Tuesday 27 August 2019 7:43 am

Government ‘knew for years’ that HS2 will blow its budget

The government has known for years that HS2, Britain’s controversial new high speed railway, is running over budget and behind schedule, it is reported.

The Department for Transport (DfT) and HS2’s managers knew at least as early as 2016 about the project’s troubled outlook, according to documents seen by the BBC.

Read more: Why it’s time to dream up something better than HS2

These papers date back to three years ago, before parliament approved the first stage of the project.

This suggests that MPs did not know the true extent of HS2’s spending projections and timescale when signing off the initial phase.

A DfT spokesperson said: “HS2 is Europe’s biggest construction project and like all major, complex projects, delivery plans evolve over time. ”

HS2 is due to link London and the west Midlands in a first phase delivered in 2026, before a second phase connects Birmingham, Leeds and Manchester by 2033.

Last month transport minister Nusrat Ghani told MPs in the Commons that HS2 would be delivered on budget and on time. But the documents seen by the BBC contradict that.

Former chancellor George Osborne discovered in May 2016 that phase one of HS2 was already £1bn over its £24bn budge, the BBC said.

A DfT briefing document in December 2016 admitted that even if HS2 cut costs elsewhere, “a significant gap to target price will remain”. It would have to open a year late, it added.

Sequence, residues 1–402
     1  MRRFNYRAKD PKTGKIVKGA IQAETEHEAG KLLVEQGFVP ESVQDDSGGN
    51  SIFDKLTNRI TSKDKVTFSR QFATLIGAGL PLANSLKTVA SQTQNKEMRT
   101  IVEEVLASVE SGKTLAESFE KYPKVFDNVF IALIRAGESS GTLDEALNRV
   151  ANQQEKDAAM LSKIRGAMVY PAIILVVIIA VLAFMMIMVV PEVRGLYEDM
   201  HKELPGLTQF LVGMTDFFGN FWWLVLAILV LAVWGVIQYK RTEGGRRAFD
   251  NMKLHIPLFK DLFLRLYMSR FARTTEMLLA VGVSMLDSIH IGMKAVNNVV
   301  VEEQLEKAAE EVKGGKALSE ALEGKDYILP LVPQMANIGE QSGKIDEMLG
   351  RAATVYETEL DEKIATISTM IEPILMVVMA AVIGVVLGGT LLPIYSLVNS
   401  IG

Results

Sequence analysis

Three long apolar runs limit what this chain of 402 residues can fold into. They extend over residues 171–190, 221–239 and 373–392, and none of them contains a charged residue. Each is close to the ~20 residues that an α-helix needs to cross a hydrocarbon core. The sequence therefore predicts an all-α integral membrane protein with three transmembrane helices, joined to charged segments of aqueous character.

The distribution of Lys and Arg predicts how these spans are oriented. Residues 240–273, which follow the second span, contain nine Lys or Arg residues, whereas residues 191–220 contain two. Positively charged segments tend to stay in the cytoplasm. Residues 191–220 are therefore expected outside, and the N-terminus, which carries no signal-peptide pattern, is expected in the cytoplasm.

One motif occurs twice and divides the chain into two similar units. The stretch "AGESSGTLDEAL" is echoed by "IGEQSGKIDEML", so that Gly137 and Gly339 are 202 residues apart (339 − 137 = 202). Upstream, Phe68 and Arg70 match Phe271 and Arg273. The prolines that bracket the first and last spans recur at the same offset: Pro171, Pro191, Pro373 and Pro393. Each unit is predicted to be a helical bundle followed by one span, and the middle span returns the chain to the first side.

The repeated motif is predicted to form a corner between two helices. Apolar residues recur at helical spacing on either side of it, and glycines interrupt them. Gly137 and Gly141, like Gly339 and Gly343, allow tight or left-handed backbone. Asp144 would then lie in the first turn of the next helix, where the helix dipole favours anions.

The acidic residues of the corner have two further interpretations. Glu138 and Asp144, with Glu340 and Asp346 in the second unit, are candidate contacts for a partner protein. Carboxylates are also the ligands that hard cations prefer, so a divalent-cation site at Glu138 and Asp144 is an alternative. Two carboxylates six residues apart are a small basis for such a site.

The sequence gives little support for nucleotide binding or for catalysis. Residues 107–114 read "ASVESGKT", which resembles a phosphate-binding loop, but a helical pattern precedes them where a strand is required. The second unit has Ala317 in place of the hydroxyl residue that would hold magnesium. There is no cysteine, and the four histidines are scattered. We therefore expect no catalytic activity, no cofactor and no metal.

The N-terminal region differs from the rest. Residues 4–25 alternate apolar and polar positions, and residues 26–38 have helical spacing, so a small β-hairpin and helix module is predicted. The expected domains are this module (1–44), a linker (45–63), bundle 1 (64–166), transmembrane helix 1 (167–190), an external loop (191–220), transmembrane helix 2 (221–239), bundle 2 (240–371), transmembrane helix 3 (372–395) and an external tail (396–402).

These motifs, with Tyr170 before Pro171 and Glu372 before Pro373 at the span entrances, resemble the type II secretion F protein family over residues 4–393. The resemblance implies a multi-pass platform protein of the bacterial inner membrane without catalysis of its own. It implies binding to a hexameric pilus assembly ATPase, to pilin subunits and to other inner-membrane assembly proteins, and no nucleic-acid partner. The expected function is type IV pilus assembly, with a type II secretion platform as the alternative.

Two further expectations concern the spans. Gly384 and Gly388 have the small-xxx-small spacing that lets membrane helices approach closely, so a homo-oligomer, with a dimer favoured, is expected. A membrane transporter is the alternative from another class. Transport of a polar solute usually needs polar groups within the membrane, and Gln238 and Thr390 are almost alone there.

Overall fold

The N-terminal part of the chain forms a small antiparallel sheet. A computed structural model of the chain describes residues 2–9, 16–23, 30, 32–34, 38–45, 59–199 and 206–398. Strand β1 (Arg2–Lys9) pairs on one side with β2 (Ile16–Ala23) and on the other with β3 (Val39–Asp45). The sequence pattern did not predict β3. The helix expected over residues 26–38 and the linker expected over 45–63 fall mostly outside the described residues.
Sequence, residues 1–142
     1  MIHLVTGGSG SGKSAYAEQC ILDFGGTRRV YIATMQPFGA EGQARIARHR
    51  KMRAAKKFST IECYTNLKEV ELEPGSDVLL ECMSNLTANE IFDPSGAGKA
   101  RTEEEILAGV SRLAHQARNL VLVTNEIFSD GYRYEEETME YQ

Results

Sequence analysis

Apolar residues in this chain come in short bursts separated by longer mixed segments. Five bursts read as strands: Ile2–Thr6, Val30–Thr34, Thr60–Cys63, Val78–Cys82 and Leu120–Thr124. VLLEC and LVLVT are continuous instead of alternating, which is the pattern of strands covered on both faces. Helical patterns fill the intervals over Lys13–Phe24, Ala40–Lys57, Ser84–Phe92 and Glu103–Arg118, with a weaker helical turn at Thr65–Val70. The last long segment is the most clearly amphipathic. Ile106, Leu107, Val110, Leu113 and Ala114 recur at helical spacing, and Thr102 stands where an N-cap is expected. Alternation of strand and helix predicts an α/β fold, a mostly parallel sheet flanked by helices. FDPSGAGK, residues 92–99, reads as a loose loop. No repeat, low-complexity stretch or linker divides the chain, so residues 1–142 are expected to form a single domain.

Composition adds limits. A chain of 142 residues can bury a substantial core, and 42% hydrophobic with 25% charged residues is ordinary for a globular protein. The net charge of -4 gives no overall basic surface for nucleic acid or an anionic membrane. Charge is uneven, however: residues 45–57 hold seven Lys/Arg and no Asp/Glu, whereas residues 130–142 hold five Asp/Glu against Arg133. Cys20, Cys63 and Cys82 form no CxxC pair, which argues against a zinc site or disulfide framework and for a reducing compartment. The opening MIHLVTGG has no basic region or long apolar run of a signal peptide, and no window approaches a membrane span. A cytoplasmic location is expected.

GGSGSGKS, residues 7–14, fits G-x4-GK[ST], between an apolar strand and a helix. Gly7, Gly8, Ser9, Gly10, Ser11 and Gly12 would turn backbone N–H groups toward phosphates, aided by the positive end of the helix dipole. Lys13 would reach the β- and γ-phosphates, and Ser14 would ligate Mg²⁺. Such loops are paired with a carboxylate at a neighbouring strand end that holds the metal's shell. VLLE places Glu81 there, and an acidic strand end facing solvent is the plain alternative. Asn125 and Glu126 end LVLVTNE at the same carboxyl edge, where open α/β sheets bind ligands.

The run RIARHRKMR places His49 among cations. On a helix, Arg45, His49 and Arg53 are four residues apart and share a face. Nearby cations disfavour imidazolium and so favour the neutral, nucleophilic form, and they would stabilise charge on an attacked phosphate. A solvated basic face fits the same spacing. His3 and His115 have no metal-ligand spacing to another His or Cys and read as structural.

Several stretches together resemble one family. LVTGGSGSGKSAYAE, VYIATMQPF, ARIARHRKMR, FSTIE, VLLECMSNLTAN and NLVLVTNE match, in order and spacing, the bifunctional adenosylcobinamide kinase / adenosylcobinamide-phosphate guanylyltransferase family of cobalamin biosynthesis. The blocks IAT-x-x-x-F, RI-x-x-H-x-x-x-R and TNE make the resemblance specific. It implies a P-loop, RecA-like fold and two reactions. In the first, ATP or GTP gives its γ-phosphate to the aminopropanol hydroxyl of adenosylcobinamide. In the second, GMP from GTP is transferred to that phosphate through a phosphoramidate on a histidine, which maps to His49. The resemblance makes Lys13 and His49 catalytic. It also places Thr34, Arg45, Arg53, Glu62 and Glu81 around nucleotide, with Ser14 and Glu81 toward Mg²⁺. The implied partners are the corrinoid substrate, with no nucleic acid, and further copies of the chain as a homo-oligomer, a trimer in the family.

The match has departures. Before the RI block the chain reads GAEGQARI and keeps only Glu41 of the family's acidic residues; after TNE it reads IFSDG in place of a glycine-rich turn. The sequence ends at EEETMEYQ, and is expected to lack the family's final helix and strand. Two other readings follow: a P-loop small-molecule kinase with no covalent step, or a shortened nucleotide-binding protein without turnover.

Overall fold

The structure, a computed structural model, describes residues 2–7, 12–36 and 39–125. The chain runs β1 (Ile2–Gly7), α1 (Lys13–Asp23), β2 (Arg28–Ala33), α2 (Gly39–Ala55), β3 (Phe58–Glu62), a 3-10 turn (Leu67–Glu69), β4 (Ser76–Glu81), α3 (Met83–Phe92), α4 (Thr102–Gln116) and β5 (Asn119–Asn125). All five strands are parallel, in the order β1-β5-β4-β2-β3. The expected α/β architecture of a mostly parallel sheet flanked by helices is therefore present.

A letter leaked last month claimed HS2 could blow past its budget by £30bn.

Prime Minister Boris Johnson last week launched a review into the scheme amid fears over its costs and deliverability.

Costs swelled from an initial £55.7bn to £65bn, while Johnson has admitted the price of building HS2 could exceed £100bn.

Transport secretary Grant Schapps’ review, conducted by former HS2 boss Douglas Oakervee, is due to deliver a decision by the end of the year.

Read more: HS2 faces the scrap heap as Boris Johnson kicks off review

“The new Secretary of State has established an independent review into HS2. Led by Douglas Oakervee, the new report will set out, before the end of the year, the latest position on cost and make recommendations on whether and how to proceed,” a DfT spokesperson said.

“The new Secretary of State will provide Parliament with a full update on all the information he has received next week.”